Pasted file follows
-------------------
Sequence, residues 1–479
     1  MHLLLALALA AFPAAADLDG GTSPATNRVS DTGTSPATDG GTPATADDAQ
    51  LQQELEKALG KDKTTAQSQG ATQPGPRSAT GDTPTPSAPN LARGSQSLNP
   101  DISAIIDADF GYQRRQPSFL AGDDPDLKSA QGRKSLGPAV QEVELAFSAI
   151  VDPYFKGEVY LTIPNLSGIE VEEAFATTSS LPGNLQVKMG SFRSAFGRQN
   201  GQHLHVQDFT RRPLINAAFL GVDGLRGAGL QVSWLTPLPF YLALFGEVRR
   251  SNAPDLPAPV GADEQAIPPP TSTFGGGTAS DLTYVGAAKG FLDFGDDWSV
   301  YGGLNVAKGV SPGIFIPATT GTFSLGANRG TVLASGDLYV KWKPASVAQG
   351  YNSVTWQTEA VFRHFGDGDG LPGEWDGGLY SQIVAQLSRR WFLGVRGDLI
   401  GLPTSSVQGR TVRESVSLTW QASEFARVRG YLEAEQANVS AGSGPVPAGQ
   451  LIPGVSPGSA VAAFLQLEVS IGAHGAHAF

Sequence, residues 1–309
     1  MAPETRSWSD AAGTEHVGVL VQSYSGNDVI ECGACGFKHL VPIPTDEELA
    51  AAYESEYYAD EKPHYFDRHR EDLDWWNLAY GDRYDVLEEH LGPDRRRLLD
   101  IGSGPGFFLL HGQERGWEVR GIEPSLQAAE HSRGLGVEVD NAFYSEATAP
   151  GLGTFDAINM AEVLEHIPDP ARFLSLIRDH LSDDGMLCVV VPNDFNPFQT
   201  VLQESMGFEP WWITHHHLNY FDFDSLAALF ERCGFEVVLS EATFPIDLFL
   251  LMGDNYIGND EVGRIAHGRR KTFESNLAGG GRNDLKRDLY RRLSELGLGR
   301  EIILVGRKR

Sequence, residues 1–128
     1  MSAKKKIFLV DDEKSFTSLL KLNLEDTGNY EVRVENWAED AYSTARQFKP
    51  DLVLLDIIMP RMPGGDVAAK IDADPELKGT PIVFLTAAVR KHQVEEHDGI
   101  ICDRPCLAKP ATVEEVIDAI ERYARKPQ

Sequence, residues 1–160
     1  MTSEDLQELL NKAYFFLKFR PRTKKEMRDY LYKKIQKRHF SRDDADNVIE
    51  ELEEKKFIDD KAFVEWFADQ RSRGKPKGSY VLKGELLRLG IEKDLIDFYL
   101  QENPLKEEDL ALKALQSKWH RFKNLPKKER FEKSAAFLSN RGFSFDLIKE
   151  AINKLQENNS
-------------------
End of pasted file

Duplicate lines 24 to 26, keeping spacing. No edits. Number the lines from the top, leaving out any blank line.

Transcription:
Sequence, residues 1–160
     1  MTSEDLQELL NKAYFFLKFR PRTKKEMRDY LYKKIQKRHF SRDDADNVIE
    51  ELEEKKFIDD KAFVEWFADQ RSRGKPKGSY VLKGELLRLG IEKDLIDFYL